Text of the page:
Tuesday, February 27, 2007
My Enemy? or My Friend? The Walker's know their sh...
Take a look at Kara Walkers new exhibit: Kara Walker: My Complement, My Enemy, My Oppressor, My Love
This show features a retrospective of Kara’s work that includes work as recent as 2006 and as old as 1994.
You can see the growth in her new works and it explodes into the backdrops of women and abuse of women. WOW is how I felt observing her new forks that are displayed in the newest showing that will also exhibit in Los Angeles and London. This new work is enticing to the thoughts of how and why consequences that we address in our own state of being as African Americans but also as a community. The purpose is, in part, to eliminate the exotic nature of difference. Like history itself, it is possible, then, that a single exhibition, a single artwork, can prompt both deep pleasure and sharp pain, depending on each participant’s perspective, disposition, knowledge, and background. It’s all about communication as I so frequently explain to students of mine at The Minneapolis College of Art and Design.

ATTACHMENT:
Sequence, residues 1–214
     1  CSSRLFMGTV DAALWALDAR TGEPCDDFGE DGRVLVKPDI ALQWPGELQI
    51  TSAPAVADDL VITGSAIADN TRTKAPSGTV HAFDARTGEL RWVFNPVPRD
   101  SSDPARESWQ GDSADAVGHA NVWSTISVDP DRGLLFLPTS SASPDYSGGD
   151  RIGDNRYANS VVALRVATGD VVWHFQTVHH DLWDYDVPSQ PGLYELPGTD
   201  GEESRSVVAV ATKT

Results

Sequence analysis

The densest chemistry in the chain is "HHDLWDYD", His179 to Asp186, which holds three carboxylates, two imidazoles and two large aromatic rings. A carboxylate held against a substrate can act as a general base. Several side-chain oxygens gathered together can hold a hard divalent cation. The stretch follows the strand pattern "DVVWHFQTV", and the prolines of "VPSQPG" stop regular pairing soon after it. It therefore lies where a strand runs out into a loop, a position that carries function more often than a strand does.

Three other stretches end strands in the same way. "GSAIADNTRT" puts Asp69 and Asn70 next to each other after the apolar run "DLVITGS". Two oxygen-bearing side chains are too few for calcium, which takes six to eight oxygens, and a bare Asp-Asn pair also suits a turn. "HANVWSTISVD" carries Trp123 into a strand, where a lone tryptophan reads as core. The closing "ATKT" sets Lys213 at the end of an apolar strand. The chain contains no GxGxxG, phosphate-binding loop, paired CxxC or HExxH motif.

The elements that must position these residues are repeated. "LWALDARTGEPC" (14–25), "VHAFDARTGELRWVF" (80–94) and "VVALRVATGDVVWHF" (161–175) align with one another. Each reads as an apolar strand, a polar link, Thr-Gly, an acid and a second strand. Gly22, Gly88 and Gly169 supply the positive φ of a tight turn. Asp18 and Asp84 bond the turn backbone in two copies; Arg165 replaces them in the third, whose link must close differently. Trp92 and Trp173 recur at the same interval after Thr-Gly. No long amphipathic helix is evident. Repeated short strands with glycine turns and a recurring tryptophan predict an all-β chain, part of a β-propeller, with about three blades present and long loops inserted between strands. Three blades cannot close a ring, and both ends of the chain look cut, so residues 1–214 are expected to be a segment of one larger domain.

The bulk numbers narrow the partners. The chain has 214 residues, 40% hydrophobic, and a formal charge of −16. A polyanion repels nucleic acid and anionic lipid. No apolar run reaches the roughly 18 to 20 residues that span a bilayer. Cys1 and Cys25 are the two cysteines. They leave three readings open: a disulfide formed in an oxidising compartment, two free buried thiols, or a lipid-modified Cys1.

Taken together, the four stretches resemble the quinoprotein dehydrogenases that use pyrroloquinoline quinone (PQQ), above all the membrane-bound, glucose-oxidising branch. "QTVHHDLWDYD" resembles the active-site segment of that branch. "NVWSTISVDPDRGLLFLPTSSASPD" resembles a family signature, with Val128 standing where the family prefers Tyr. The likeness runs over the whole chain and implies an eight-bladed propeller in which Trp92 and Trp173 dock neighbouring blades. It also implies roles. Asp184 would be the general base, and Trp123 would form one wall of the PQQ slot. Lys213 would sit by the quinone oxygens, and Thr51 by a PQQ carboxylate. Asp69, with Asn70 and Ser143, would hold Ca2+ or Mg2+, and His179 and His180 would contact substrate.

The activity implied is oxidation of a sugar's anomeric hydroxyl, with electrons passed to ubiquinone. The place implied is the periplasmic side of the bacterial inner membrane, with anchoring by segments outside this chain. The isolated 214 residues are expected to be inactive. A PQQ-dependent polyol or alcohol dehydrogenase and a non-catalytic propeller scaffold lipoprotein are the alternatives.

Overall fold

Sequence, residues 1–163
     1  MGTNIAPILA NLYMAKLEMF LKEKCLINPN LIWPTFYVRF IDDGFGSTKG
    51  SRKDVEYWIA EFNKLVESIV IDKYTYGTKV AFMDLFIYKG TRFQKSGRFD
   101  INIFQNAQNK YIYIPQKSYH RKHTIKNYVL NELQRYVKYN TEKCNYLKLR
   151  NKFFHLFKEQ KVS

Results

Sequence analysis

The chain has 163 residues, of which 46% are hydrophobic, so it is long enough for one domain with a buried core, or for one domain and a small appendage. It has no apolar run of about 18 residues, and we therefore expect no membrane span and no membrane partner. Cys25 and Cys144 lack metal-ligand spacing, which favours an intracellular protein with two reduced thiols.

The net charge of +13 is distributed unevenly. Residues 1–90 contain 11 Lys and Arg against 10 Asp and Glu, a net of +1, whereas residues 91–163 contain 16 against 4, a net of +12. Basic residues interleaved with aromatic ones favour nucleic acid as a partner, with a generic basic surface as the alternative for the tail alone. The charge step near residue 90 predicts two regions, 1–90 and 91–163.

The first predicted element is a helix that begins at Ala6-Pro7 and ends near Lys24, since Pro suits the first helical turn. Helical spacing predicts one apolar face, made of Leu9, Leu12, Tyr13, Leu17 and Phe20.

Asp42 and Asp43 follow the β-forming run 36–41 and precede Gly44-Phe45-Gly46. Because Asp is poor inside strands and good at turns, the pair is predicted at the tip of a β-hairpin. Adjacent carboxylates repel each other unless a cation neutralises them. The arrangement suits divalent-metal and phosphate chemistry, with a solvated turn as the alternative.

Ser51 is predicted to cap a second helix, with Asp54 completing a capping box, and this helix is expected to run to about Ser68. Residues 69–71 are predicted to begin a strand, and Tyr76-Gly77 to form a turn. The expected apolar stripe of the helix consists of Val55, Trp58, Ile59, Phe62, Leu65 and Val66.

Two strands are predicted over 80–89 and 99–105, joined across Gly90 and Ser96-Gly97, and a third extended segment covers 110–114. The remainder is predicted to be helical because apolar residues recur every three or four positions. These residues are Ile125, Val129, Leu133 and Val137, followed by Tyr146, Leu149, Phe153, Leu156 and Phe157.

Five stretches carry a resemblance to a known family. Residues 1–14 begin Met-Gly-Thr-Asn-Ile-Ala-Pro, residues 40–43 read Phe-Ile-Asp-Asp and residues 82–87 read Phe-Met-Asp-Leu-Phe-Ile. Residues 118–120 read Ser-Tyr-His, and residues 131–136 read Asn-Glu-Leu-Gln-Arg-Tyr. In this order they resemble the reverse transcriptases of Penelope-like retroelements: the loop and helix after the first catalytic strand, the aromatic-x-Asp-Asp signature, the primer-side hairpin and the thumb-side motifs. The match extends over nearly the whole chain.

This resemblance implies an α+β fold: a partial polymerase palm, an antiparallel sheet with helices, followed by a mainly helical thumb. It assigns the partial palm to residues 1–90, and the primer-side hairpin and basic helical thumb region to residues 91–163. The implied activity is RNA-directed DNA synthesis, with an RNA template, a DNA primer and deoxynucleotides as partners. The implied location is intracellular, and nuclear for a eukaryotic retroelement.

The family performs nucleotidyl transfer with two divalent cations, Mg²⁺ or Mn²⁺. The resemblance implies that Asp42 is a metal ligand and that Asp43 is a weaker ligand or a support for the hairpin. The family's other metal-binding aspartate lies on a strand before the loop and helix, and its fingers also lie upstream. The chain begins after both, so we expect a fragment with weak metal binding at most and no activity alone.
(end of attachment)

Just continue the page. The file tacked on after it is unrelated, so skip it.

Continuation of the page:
I am excited to see Kara take a stand on something that is important and needed. "I don't feel anything is moved forward in a conversation about race because it is a conversation about race," Kara says.
Its an ongoing journal, a dialog that’s both needed and ignored in our community. In the Star Tribune newspaper her in Minneapolis Kara says " I come at this work from a whole range of visceral feels, A large part of my work appears in these big institutions and I want it to speak directly to a black, female audience there because I think nobody speaks to them. It's just a complex construction, to be black, and American, and a woman. It's interesting to touch a spot that hasn’t healed in me or in most African American women, I think."
Soft spoken, shy, but walks with a large stick. I also had an opportunity to meet her father, Atlanta-based painter Larry Walker, who has a huge history in art and art history; both as an instructor and artist himself. Her sister Dana Walker is also a fabulous photographer over at the art center, in Pasadena.
This is a remarkable display of an artist growth as a Woman and an African American Artist.